Tinder

Tinder users might not know it but their pictures were not encrypted until recently, making them accessible by hackers. That potential privacy breach changed thanks to a letter from a US senator.

Back in January, cybersecurity firm Checkmarx posted on its blog a report of the vulnerabilities of Tinder. Responding to the report in February, Oregon Senator Ron Wyden wrote a letter to the app’s parent company, Match.com, about the security issue. Twitter user Matthew Green tweeted a letter from the company to Senator Wyden dated June 27, stating the Tinder app has been fully secured as of June 19.

There were two vulnerabilities Checkmarx found with the Tinder app. The first was a big one allowing hackers on the same wifi network to monitor and even control what a Tinder user was doing on the app. Match.com dealt with this security issue on February 6, as stated in the letter.

A second issue, which was not as malicious as the first but still intrusive, was the observable differences between swipes and matches in Tinder. Specifically, a hacker could monitor the amount of data used by the app and figure out what a Tinder user was doing. Swiping right, swiping left, and finding a match had different data amounts making it easy to distinguish which action was taken. To fix this problem, Match.com wrote the various actions in the app have been padded in order make each action indistinguishable from one another.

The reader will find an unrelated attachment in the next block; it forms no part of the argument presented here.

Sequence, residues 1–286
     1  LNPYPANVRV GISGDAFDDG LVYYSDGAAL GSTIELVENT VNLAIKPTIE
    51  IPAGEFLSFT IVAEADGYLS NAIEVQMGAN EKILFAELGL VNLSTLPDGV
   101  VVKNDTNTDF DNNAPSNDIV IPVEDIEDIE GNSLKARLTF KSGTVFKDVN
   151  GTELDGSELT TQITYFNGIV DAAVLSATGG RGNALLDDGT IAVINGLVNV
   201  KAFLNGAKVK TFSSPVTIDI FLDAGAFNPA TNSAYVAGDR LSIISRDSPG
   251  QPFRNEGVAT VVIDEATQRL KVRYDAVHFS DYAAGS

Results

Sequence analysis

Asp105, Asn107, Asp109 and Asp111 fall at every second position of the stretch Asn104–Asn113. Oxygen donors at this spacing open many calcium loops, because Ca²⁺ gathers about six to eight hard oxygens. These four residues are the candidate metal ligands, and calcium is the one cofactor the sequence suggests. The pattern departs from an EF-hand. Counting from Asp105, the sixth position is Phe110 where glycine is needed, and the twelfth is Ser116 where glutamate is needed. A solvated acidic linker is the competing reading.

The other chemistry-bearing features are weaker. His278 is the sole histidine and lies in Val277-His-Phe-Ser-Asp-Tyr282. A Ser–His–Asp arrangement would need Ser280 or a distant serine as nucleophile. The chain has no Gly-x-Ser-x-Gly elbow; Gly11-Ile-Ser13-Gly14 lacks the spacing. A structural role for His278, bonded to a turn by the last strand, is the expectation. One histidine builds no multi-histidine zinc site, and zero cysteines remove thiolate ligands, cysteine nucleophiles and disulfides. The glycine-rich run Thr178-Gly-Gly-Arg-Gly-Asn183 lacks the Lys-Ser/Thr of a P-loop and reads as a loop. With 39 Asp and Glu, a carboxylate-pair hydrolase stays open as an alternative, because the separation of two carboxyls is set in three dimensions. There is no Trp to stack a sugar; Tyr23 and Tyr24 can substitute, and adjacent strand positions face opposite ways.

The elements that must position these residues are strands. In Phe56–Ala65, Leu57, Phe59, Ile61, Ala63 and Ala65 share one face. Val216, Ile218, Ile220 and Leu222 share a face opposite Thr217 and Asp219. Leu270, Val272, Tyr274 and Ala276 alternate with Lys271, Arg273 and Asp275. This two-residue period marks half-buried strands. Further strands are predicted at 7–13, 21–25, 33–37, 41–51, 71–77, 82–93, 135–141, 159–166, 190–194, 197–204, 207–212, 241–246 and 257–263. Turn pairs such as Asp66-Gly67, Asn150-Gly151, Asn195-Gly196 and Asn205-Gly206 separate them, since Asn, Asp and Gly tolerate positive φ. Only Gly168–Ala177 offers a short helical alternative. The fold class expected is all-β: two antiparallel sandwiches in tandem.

With the Tinder app now fully secured, users can swipe away in hopes of finding true love, or just some hook-up, there’s no need to judge.

For those Tinder users who found themselves turned off by the app, there’s a new competitor about to jump in the dating app market. Facebook will soon release its feature equivalent to Tinder called Facebook Dating that will hopefully not cause another privacy mess like Cambridge Analytica.